With less than two weeks to go until Wireless Local Number Portability (WLNP) becomes a reality (carriers in the 100 largest metro areas must begin to offer it on November 24, while others have until next May), businesses may find themselves able to negotiate better deals on cellular service—and avoid having to reprint business cards. WLNP allows a cellular customer to keep the same phone number when switching carriers, which makes it particularly appealing to business users who live and earn by the cell phone.
Carriers are already scrambling to keep customers happy (Cingular Wireless, for example, says operating expenses were up almost 10 percent in its most recent quarter, in part to finance customer-service programs in anticipation of WLNP), and the legion of telecom advisory firms are leveraging the advent of WLNP to sell their services. Traq-wireless, for one, now offers an "alternative carrier analysis" for companies that want to keep their numbers but find better deals. Traq says pilot analyses have found potential savings of 30 to 48 percent on a cost-per-minute basis. Such analyses can arm customers in their negotiations with carriers, the company says, to win not only better rates but also better overall service.
A list of all the firms that offer telecom audit services and/or software would make for a hefty phone book, but many are finding a ready audience in Corporate America as the aggregate bill for wireless and network services continues to climb. WLNP gives customers more leverage, and perhaps more incentive to crunch through all the data needed to assess competing offers.
If the company parking lot is a little less crowded these days, don't blame flu season. Telecommuting is on the rise, as is the need to equip teleworkers adequately. According to The Dieringer Research Group, 23.5 million employees now work from home at least one day a week. Add to that figure employees who work on the road, in satellite offices, from client sites, and elsewhere, and the total universe of telecommuters becomes both enormous and fast-growing.
As that population increases, technology-consulting firms say, companies will have to take the issue of access to corporate computer systems and other forms of provisioning more seriously. Today, almost 90 percent of employed people who regularly work from home tap into corporate computer systems via a dial-up phone line. But by next year, 40 percent of large companies will provide an "always-on" broadband connection to telecommuters; by 2006, 60 percent of large companies will do so. And that, says Meta Group analyst Elizabeth Ussher, is but one step of many that companies will need to take to recraft IT strategies around an inescapable fact: the lights may be out in the office next to yours, but someone is home.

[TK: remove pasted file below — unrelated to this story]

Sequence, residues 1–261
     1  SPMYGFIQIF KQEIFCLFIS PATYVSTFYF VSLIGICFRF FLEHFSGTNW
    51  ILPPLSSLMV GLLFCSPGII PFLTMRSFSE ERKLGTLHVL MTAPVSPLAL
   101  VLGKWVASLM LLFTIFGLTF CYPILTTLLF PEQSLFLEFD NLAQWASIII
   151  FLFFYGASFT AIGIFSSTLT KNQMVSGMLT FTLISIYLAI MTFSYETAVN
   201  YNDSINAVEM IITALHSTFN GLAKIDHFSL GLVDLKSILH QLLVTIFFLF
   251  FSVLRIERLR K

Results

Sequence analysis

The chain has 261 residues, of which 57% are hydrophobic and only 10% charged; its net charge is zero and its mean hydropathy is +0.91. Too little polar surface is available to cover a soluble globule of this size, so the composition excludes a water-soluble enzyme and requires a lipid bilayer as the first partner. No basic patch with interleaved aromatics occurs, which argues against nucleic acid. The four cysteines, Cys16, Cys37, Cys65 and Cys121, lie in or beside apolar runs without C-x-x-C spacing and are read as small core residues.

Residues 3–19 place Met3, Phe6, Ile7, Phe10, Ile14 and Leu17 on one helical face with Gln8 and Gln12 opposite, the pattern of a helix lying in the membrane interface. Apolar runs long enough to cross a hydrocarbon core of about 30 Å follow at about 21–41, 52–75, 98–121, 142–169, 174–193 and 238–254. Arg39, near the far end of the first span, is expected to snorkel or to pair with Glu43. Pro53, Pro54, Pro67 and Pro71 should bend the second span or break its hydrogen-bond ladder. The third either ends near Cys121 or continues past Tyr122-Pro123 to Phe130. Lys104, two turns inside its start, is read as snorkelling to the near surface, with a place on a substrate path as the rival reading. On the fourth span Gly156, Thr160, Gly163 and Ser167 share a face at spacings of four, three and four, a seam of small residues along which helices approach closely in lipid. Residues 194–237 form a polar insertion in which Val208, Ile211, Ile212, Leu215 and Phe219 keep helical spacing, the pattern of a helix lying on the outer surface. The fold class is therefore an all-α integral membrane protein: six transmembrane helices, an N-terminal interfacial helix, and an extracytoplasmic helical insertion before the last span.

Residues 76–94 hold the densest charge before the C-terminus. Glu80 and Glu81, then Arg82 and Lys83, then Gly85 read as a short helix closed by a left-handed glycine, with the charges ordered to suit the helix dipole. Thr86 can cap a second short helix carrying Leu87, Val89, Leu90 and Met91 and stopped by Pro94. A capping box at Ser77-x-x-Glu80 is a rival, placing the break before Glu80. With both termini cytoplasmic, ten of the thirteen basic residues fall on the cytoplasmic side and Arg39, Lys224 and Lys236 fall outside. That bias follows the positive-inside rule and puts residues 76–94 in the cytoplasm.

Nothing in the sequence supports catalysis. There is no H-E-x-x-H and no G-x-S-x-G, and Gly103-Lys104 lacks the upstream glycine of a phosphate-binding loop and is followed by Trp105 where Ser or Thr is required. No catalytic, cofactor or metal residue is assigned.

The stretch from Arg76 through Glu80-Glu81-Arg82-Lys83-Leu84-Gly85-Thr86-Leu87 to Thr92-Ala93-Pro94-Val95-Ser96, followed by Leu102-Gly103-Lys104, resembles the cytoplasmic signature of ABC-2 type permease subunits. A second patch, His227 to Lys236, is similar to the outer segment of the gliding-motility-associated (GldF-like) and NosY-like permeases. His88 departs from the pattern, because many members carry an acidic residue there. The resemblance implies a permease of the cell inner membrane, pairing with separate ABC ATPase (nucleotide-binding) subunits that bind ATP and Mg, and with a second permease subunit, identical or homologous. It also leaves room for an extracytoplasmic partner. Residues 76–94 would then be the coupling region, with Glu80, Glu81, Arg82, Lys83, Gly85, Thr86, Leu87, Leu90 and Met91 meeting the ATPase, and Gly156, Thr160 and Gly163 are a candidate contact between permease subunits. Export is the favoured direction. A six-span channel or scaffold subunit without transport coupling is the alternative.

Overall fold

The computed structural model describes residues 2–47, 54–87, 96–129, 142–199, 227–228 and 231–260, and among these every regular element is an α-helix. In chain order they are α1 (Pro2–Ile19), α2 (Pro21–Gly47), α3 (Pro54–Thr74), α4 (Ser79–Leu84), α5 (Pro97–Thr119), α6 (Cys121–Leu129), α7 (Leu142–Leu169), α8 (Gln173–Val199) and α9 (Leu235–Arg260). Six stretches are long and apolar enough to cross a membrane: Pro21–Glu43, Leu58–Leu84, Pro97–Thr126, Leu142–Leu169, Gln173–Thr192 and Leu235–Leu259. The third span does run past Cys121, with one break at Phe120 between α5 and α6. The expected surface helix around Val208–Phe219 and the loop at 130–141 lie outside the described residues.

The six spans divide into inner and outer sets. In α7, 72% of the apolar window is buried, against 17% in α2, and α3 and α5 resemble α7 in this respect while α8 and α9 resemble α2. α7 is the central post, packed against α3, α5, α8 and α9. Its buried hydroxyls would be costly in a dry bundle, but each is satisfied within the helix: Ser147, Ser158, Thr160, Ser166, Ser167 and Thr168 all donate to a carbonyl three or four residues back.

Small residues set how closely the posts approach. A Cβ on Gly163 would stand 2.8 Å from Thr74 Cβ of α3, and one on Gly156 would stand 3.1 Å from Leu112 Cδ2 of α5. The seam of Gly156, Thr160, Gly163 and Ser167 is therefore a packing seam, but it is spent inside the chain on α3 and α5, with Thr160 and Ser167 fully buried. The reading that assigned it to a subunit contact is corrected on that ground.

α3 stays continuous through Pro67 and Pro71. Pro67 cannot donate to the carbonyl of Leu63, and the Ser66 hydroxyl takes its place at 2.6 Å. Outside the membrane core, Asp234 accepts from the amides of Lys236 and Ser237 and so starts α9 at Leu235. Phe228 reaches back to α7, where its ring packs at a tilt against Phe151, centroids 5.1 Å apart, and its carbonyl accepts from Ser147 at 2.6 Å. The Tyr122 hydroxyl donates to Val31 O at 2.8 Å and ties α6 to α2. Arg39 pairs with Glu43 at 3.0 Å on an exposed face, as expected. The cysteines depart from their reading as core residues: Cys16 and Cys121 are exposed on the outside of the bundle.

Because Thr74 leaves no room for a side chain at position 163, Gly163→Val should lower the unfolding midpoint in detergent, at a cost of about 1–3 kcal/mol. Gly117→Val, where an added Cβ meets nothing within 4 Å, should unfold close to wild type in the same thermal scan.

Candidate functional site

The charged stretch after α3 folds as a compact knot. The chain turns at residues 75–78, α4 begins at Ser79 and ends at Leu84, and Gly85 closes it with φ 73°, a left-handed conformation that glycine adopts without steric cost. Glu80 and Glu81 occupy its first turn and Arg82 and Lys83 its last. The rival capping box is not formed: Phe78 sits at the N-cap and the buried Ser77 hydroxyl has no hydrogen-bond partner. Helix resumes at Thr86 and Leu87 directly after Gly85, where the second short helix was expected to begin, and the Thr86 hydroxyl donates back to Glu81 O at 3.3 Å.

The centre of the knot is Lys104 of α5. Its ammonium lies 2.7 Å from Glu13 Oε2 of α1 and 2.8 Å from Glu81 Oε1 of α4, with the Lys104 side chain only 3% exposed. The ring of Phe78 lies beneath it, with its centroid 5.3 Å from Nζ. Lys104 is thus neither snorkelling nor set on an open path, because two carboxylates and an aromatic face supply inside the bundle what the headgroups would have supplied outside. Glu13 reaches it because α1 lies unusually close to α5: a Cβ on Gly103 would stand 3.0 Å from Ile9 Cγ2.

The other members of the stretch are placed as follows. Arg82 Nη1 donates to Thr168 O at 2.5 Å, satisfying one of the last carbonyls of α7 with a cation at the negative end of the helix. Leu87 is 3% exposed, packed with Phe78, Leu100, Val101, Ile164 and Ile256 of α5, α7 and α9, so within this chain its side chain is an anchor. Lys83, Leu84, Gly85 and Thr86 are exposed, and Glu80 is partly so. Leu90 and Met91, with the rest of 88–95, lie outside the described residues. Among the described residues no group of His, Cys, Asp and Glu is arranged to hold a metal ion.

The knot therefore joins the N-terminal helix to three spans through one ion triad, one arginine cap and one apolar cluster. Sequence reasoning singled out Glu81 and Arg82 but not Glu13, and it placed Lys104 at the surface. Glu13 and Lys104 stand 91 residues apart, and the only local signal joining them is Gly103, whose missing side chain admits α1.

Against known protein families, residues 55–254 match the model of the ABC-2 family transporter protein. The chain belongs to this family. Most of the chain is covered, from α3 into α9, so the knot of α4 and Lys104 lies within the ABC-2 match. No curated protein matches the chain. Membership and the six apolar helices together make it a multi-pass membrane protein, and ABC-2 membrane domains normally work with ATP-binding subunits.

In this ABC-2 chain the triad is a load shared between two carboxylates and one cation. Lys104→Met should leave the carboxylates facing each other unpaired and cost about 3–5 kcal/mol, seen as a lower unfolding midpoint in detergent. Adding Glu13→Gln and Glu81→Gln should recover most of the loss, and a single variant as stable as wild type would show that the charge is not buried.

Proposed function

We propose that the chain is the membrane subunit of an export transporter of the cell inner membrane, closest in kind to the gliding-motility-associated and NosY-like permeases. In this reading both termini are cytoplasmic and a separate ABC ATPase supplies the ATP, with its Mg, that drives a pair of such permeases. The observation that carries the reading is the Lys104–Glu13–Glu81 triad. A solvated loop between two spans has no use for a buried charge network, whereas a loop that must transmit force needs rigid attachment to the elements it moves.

As a superhero moniker it leaves something to be desired, but as a badge of honor for those involved with supply chains, "complexity master" may be a worthy tag. So says Deloitte, which studied almost 600 companies in 22 countries in an effort to understand what makes for a truly superior global manufacturing operation. It found that the best of the best, the complexity masters, had three factors in common: they collaborate not only with suppliers but also customers; they manage existing and new products well, with faster cycle times, better speed to market, and well-managed parts customization; and they embrace technology both for long-term forecasting and planning and for more-tactical areas such as warehousing and transportation.
But the study turned up more than the key attributes of best practices. It also found that between 35 and 40 percent have margins of less than 5 percent or are losing money; missed their goals for return to shareholders; and missed profitability and/or revenue targets. The connection, Deloitte says, is that companies that take an end-to-end view of their supply chains versus a narrower functional view are rewarded for their efforts.
Becoming a complexity master isn't easy: only 7 percent of the companies Deloitte looked at earned that title. But they are 73 percent more profitable than their peers.
According to research firm IDC, worldwide spending on supply-chain management systems tops $19 billion, but corporate interest in large-scale SCM projects is at an all-time low; outsourcing services, IDC says, may win favor. Indeed, a survey conducted by Booz Allen Hamilton last year found that 45 percent of respondents thought SCM investments had not paid off. According to Booz Allen, success depends in part on making SCM a senior-level issue, along with a willingness to completely retool supply chains versus merely adjusting them.
Urgent Assistance Needed
Almost as vexing as spam itself have been the efforts to quantify its costs. Early this year, Ferris Research said spam would cost companies an astounding $10 billion in lost productivity, help-desk support, and drain on IT resources. That figure includes both hard and soft (lost productivity) costs, but even taking a more limited approach—calculating the IT costs of server space choked by spam, for example—the figure is still $500 million a year, according to The Radicati Group, and will increase fivefold (to $257 per employee mailbox per year) by 2007.
However you slice it, spam is a problem that to date has resisted political and technological solutions. True, spam filters can greatly reduce the number of junk E-mails reaching employees' desks each day. And with spam predicted to account for 70 percent of all E-mail messages by 2007 (up from 45 percent today), that's a good thing. But Radicati warns that too often such products deliver false positives, labeling legitimate business E-mails as spam.
Fear of false positives is the leading reason many firms forgo spam filters. Some of the many vendors in this space are working on technologies that will go beyond keyword analysis to understand the full context in which words are used, vaccinate or disguise addresses so they can't be harvested by "spambots," and otherwise bring more intelligence to bear. Worldwide, companies spent more than $600 million on anti-spam products this year, a figure that is expected to reach $2.4 billion by 2007. But it could be several times larger if new products are deemed truly effective.
Meanwhile, a Website facilitating an anti-spam discussion warned participants that their E-mail addresses might be harvested by spammers.